On July 11th, a ribbon-cutting ceremony was held, and as Vanags admits, she’s been slammed ever since. She thinks she knows why. “You cannot find around here, what I’m selling. People haven’t tried the kinds of flavors that I make. Some of them are Asian based flavors, like fruits that you would find in an Asian market.” There is the Purple Yam cake, the Mango Cake, the popular Strawberry Pretzel, the Mocha pie, and a version of the Tiramisu. She says she also makes a great carrot cake. Sure, you can find your yellow cake with buttercream or chocolate frosting, but don’t expect it to be just average.
What she enjoys are the custom orders for items not on her regular menu. “I ask the customer to name me the flavor they want,” Vanags said, “and then I look for ways to make it. It has helped me improve my skills.
One cake she learned to make is the classic Tres Leches, a cake popular in the Mexican community. Vanags first made it for a birthday party. She recalls how a few days later, a new customer came in talking about a cake she had tasted, hoping that Vanags could replicate it. When Vanags realized what she was describing, she showed her a picture of the Tres Leches cake on her cell phone. “Is this the cake that you’re talking about? The customer jumped up, spun around, slapped her forehead. and said, ‘Oh my God, you made that cake!’ I now get slammed with orders for Tres Leches.”
Since all of her cakes are made from scratch, and since she’s had requests, Vanags is working on a dairy-free and gluten-free version of her desserts. “It’s not a big deal for me, and it’s going to happen. I want it to be fair for everyone.”
For now, you will have to stop by the shop to buy a slice or a pie from her display cabinet. There is no written menu. You can also call ((443) 205-3979) and place an order. Ruby’s Cake Shoppe and Pastries has a Facebook page, but no website yet. They’re open Tuesday – Sunday from 10 AM to 6 PM.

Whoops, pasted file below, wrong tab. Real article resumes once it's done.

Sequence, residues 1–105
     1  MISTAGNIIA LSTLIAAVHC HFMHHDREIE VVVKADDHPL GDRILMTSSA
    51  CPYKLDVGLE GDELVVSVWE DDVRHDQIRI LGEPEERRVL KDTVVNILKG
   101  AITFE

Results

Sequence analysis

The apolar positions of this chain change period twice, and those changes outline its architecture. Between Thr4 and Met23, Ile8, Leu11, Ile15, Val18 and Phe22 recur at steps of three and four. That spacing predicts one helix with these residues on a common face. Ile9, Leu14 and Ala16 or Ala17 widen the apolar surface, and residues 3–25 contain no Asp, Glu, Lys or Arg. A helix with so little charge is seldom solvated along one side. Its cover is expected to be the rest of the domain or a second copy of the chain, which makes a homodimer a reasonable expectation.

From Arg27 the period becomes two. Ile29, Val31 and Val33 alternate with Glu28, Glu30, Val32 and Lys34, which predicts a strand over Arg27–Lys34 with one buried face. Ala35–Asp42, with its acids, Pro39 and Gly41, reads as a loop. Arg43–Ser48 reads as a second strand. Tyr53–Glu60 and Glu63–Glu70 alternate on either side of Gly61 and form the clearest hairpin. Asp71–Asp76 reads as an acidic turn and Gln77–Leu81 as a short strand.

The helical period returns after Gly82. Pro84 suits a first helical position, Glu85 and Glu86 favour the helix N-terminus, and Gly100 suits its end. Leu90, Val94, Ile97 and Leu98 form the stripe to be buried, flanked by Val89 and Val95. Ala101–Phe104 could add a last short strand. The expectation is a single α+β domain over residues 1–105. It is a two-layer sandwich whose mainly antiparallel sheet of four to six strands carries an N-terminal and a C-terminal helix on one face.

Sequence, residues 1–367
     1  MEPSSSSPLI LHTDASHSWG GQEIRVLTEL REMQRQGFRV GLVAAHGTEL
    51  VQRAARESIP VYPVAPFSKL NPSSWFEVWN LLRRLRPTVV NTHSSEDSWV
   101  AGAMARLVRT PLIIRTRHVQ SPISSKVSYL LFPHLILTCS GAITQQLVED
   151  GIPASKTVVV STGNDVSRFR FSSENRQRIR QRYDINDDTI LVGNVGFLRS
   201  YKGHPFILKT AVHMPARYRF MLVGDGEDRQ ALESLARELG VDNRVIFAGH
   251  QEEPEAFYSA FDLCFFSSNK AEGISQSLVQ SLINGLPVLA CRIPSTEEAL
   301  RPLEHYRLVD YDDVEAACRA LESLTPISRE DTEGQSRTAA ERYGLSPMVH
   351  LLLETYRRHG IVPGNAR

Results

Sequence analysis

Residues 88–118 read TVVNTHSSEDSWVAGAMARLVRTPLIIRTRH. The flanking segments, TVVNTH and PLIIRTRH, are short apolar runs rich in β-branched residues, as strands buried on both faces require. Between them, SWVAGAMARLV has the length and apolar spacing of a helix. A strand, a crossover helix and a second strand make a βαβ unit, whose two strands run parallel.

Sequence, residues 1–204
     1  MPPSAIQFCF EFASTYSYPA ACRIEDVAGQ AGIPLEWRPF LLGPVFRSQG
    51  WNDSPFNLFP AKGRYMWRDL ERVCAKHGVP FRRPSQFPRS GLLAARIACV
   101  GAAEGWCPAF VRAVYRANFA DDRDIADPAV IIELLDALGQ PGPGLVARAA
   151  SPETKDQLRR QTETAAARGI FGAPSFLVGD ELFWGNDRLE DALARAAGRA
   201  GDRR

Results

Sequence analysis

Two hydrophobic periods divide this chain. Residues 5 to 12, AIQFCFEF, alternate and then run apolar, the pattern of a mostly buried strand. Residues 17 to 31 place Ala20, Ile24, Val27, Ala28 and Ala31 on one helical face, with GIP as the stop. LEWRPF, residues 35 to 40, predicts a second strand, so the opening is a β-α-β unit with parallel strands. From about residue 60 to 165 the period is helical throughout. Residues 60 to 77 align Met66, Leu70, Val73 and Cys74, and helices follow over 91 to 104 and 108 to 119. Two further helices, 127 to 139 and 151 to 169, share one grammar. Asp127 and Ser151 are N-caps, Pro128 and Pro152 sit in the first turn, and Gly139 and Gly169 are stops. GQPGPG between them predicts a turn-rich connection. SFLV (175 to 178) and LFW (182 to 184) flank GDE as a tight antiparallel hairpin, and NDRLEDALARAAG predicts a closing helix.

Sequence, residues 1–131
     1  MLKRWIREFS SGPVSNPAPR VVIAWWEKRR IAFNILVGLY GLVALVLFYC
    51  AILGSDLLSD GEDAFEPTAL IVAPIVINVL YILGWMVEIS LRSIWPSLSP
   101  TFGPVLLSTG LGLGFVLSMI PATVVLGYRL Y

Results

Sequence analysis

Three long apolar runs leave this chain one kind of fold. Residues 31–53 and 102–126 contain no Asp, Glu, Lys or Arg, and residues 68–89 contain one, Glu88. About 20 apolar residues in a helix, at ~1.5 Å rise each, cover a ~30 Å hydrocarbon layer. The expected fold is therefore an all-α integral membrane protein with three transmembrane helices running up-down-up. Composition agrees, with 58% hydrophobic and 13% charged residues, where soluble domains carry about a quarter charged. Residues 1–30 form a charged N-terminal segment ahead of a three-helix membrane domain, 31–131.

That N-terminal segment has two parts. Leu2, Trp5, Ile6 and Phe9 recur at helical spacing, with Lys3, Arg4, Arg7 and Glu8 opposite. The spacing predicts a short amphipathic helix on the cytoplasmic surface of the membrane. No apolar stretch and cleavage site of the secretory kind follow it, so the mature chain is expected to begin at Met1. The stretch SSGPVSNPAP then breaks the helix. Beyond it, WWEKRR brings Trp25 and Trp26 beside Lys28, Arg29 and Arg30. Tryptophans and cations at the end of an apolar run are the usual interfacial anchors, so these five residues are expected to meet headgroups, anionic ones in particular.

Val Cavalheri is a recent transplant to the Eastern Shore, having lived in Northern Virginia for the past 20 years. She’s been a writer, editor and professional photographer for various publications, including the Washington Post.
There was a lot in common with the Avalon Foundation, the Tidewater Inn and Wylder Tilghman Island before COVID-19 came knocking on their doors. All three have always been heavily dependent on the summer months for special events, weddings, and seasonal crowds all eager for entertainment and hospitality services. But after the coronavirus crisis hit, most of those long awaited plans were left in the dust in the wind as stay-at-home orders came down from the Governor’s office.
Nonetheless, the desire by all three to partner on a creative way to create new revenue was almost immediate. With the Avalon’s Suzy Moore, using her eighteen years as its artistic director, securing popular local bands, coupled with chef Jordan Lloyd at Wylder and chef Daniel Pochron at the Tidewater on the food front, the team has formed a dinner and music program that has already become a huge success on Tilghman Island and in downtown Easton.
The Spy asked Suzy, Jordan and the Tidewater’s Lauren Catterton to spend a few minutes to talk about this new alliance and how Wednesday and Thursday nights have been turned into the Sunlit Summer Song Series, an al fresco style dinner and some of the region’s best performers.